This man was altogether at odds with the town. The way he spoke revealed an accent that was unplaceable. Mid-atlantic perhaps, but with traces of Australian. He slammed the door and searched for his keys. A young woman came running towards us, her coat flapping and her blonde hair flying about her face.
She looked most apologetic and guilty. "I’m sorry, I’m sorry. I forgot the time Daddy. I’m sorry. Are we too late?"
"I’ll have to drive you to Truro now, the train left. Get in. Did you remember your passport?
"Yes and the Euros. Come on, let's go." She looked at me and frowned. "Who’s he?"
"Just a witness to a major crime." He smiled at me and got into his car. "Get in Maria and don’t fuss. I’ll get you there."

The man and his daughter quickly departed. I looked back into the harbour and now saw the cover of the book he had just discarded. Strangely enough I knew it, had even read it. ‘Eeny, Meeny, Miny, Mole’ by Marcel d’Agneau.

Suddenly I got the shivers. I had just seen a ghost. It was him, d’Agneau himself. The writer who’d disappeared almost as quickly as he had appeared. Two novels, one a minor best-seller in the early 1980’s. I remembered meeting him at a book-festival, how amusing and self-effacing he’d been, how young. Then I remembered in 1984 hearing of his death, some accident at a race-course, a car crash. He’d been flung through the windscreen of his Alfa Romeo and died at the wheel. It was just after signing a huge book deal with Macmillan. Made all the headlines. Not quite as romantically important as the death of Camus, but tragic for him, it is the sort of thing your remember.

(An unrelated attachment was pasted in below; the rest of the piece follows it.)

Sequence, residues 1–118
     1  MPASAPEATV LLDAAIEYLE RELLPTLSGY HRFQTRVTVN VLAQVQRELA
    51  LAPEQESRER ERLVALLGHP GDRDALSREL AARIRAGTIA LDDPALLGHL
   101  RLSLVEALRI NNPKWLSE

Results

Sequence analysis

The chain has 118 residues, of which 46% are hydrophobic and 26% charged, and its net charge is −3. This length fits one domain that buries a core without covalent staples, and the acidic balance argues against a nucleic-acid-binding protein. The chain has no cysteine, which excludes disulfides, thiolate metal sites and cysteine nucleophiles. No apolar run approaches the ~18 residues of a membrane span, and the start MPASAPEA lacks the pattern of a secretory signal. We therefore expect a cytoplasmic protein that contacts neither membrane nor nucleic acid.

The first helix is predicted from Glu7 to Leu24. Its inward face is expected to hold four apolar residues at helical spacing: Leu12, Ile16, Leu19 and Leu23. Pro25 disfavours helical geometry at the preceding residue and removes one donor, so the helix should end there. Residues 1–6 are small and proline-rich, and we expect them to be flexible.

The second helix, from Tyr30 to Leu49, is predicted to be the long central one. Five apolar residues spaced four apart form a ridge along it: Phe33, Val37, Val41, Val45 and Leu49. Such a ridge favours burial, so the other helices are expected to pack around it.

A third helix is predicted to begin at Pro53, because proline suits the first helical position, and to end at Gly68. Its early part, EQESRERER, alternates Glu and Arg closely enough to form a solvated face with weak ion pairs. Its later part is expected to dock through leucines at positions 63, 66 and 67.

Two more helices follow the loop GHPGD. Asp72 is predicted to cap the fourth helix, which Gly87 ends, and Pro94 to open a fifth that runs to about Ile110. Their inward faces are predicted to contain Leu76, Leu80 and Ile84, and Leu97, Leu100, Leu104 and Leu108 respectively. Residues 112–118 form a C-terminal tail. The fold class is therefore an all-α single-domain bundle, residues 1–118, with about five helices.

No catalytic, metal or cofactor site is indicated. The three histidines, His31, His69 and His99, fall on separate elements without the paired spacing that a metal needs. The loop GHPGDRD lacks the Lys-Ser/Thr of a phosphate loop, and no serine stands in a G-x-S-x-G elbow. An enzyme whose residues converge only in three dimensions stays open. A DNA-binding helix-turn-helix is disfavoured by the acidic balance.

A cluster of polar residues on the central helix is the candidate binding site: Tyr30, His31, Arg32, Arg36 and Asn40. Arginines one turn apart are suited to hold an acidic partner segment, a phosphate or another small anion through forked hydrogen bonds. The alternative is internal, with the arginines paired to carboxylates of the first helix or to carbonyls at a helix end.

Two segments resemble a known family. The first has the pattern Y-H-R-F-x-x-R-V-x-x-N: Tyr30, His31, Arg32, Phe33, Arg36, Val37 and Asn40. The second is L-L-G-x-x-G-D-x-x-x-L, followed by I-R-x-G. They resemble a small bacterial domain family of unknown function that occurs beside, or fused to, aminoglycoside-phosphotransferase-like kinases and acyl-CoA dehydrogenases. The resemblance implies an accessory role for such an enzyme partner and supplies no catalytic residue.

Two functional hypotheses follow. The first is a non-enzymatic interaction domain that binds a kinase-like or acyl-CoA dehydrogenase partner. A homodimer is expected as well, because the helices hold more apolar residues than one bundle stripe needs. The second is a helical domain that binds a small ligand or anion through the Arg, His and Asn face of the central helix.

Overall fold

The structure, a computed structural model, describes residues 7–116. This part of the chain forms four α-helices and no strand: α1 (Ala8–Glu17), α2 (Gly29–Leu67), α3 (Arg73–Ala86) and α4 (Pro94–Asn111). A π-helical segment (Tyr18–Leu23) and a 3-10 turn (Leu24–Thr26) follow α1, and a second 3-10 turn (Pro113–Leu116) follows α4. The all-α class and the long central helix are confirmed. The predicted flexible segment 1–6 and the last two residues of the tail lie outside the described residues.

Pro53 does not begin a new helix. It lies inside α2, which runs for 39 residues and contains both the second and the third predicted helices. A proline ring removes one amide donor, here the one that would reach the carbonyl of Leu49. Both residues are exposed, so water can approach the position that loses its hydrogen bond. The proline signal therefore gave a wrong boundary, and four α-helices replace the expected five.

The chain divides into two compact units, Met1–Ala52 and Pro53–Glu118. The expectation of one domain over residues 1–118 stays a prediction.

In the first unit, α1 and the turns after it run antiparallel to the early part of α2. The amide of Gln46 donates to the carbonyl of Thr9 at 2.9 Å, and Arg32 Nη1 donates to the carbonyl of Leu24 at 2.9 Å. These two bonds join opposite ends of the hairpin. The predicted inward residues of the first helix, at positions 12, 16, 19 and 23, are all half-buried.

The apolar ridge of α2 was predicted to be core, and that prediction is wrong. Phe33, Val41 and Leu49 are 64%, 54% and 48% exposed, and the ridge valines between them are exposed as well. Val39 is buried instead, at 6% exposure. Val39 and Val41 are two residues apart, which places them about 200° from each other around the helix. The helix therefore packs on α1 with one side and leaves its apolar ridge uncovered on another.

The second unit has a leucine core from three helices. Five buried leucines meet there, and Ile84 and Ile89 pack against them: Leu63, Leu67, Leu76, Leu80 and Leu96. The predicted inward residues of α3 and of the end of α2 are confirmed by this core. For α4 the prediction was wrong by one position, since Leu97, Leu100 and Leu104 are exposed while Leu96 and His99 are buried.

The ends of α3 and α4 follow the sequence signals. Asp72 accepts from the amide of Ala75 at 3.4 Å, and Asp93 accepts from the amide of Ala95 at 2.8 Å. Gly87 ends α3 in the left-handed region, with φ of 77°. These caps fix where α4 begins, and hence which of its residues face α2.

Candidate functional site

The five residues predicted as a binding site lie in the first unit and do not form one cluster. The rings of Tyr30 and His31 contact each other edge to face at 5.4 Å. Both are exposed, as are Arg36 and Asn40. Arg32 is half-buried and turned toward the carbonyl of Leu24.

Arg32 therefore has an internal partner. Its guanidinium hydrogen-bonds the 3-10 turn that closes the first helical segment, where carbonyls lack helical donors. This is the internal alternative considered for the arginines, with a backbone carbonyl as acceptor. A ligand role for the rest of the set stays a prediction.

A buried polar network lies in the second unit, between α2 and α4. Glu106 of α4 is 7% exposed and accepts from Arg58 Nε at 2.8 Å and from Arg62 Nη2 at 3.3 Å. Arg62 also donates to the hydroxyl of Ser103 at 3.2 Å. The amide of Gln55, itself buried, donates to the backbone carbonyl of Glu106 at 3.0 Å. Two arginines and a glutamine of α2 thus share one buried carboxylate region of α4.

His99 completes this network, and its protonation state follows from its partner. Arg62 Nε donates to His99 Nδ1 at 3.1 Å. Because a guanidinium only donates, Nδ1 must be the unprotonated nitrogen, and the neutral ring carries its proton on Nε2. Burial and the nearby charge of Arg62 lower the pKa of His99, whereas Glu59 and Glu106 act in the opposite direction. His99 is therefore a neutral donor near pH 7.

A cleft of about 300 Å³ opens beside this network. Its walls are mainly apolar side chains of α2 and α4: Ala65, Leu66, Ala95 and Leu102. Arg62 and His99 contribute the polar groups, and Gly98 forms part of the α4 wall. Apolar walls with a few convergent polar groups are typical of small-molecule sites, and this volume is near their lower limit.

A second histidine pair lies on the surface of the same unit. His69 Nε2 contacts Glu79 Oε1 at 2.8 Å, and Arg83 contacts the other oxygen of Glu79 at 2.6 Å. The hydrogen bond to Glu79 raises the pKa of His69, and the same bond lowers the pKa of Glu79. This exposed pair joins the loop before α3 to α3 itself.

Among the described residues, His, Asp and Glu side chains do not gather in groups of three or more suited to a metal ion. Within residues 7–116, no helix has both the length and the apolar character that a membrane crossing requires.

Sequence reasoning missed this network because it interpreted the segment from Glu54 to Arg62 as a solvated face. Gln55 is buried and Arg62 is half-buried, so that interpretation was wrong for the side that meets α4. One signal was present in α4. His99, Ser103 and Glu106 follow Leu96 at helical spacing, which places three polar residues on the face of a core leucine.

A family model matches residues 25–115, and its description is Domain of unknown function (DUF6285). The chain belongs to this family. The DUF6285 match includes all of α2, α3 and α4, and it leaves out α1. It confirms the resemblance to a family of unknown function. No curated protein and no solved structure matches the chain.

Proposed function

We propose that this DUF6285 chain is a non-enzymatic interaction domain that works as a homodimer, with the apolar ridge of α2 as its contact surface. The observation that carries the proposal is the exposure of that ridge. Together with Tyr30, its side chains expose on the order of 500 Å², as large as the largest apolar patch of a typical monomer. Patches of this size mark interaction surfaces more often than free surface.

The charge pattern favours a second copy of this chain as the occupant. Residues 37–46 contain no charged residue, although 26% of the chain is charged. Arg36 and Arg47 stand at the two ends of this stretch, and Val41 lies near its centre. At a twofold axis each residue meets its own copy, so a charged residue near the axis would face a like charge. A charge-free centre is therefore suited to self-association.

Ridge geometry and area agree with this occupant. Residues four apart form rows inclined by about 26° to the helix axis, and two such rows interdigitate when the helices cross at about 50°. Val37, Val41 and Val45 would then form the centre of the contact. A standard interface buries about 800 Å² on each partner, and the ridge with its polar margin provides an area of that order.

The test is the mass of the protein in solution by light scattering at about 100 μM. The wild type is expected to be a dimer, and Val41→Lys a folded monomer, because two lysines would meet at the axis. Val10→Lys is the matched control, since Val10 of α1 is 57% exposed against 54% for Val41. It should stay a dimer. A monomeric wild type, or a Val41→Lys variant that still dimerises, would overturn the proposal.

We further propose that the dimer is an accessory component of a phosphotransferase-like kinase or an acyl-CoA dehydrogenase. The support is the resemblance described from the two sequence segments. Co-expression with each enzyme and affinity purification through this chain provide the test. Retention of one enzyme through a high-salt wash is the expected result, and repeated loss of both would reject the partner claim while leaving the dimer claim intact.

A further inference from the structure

I was writing myself then and working in publishing. I worked on boring titles such as ‘Shells of Britain’ and ‘WW11 Tanks’. D’Agneau burst on the scene with a couple of novels that were all well reviewed and then he promptly died. You recall these things. D’Agneau dead. Me teaching and living in Cornwall now, waiting for the call...death, hope, redemption, who cares? No one. My dog, perhaps.
But now I had a mystery. d’Agneau was alive and he was living in Cornwall and was destroying his books? Perhaps there was a story to sell here. Few would remember him now, but perhaps someone might. If he wasn’t dead, why not? Why Cornwall?